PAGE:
Home-made Laser

Description
The term “home-made laser” almost seems a contradiction but that is not the case. This gas laser was built by high school student Stephen M. Fry in 1964, only four years after Ali Javan made the first gas laser at Bell Labs. Fry followed plans published in Scientific American's "The Amateur Scientist" column in September 1964, (page 227).
The glass tube is filled with helium and neon and, as the magazine reported, "seems to consist merely of a gas-discharge tube that looks much like the letter 'I' in a neon sign; at the ends of the tube are flat windows that face a pair of small mirrors. Yet when power is applied, the device emits as many as six separate beams of intense light."
The discharge tube is the only piece of this particular laser that remains. The flat windows (called "Brewster windows") are square instead of round, and the electrodes are parallel to the gas tube instead of perpendicular. Otherwise it resembles the drawings in the magazine. Fry later earned a Ph.D. in physics with a dissertation on lasers.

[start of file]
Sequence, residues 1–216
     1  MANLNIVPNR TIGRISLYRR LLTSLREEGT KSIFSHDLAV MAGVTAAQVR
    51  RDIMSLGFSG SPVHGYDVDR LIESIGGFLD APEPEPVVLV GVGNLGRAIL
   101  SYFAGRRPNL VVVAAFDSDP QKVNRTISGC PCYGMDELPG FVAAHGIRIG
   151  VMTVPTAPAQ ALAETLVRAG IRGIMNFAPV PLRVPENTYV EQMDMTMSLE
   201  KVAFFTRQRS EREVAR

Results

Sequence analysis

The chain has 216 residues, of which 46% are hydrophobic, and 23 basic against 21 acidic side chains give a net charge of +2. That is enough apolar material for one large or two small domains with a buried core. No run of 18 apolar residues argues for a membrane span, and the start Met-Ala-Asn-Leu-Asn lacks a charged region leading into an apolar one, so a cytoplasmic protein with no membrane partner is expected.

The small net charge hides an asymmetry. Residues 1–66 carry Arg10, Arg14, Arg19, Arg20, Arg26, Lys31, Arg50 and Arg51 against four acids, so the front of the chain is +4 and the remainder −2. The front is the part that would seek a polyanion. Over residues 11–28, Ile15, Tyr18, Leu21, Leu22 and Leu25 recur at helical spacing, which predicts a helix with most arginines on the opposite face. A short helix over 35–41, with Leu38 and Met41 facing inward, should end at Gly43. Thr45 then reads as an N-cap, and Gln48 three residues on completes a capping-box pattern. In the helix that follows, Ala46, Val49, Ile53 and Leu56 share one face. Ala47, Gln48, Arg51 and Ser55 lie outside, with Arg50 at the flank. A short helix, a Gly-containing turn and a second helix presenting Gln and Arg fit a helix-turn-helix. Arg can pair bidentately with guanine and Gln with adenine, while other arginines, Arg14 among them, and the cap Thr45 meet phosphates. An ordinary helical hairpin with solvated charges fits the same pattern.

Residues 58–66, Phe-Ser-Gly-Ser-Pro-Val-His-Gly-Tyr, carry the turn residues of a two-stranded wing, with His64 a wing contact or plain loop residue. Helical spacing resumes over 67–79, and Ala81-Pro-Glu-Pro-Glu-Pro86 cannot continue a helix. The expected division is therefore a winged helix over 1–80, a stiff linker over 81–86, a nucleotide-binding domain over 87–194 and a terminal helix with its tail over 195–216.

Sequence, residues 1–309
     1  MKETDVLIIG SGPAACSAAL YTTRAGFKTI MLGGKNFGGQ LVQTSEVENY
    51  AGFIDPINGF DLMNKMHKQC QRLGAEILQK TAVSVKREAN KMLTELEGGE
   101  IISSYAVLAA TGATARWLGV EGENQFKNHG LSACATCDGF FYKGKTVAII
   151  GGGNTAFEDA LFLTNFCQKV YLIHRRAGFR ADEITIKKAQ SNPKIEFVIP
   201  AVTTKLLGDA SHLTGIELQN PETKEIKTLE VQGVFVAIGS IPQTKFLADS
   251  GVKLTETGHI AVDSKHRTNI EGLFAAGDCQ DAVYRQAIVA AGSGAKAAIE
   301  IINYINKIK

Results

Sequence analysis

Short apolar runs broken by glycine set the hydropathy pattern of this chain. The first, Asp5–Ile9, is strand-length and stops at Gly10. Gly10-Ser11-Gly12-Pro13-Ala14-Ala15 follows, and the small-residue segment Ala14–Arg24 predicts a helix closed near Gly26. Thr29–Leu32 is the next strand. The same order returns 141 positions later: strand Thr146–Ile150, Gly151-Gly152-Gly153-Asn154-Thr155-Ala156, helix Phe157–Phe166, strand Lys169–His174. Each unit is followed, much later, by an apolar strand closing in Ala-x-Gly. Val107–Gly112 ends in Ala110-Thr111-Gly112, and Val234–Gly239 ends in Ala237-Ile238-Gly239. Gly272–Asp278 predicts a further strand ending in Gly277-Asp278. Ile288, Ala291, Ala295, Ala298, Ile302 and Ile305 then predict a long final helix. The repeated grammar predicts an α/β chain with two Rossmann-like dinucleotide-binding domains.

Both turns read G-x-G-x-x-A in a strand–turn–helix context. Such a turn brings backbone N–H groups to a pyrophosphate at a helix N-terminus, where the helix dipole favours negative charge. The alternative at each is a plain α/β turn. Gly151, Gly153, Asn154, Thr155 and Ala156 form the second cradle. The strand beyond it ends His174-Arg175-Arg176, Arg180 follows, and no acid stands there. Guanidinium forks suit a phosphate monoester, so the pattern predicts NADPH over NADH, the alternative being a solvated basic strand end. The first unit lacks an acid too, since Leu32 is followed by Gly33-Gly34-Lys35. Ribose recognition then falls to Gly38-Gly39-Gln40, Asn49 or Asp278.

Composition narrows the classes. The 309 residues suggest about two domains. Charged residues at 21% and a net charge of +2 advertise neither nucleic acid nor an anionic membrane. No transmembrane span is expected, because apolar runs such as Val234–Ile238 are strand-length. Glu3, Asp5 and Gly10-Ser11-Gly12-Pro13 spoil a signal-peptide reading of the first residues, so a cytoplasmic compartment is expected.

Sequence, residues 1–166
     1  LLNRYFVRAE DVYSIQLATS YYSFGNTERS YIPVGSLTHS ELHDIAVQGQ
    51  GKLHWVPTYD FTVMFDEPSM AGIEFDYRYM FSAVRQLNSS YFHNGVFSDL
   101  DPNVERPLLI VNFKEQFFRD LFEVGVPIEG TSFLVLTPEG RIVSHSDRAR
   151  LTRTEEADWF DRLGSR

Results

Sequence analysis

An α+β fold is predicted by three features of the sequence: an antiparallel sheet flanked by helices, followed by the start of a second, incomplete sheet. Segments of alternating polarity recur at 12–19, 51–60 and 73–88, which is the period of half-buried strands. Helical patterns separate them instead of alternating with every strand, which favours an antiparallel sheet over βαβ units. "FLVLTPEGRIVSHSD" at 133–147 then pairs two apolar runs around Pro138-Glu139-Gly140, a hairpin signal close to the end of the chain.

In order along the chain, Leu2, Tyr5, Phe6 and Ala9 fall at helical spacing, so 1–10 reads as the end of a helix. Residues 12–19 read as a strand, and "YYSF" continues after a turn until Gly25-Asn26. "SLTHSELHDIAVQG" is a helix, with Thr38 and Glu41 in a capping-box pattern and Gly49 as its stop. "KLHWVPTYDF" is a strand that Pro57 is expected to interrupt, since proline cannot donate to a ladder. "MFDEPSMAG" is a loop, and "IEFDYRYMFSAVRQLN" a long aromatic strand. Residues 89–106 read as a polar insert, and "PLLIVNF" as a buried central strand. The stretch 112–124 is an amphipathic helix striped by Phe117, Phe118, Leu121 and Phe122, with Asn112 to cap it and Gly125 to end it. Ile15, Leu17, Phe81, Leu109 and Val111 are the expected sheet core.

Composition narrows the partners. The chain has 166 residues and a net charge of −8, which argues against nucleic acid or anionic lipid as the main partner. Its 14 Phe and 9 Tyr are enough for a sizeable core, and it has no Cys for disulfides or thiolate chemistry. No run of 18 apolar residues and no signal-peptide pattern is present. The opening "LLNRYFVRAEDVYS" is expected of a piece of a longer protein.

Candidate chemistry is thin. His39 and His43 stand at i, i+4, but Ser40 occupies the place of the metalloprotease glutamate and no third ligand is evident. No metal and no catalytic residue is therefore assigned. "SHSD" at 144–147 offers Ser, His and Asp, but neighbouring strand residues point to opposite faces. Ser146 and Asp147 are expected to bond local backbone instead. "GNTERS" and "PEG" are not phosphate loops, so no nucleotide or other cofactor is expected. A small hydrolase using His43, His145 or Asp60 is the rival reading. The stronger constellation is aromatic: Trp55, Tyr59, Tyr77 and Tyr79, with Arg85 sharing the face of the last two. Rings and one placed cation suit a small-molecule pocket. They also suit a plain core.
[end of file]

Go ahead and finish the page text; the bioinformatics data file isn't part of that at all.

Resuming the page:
Location
Currently not on view
Date made
1964
date ordered, given, or borrowed
1985-03-15
maker
Fry, Stephen M.
Physical Description
glass (overall material)
metal (electrodes material)
Measurements
overall: 2 cm x 45 cm x 6.3 cm; 13/16 in x 17 11/16 in x 2 1/2 in
ID Number
1985.0269.01
accession number
1985.0269
catalog number
1985.0269.01
Credit Line
from Stephen M. Fry
subject
Laser
See more items in
Work and Industry: Electricity
Science & Mathematics
Lasers
Energy & Power
Data Source
National Museum of American History, Kenneth E. Behring Center

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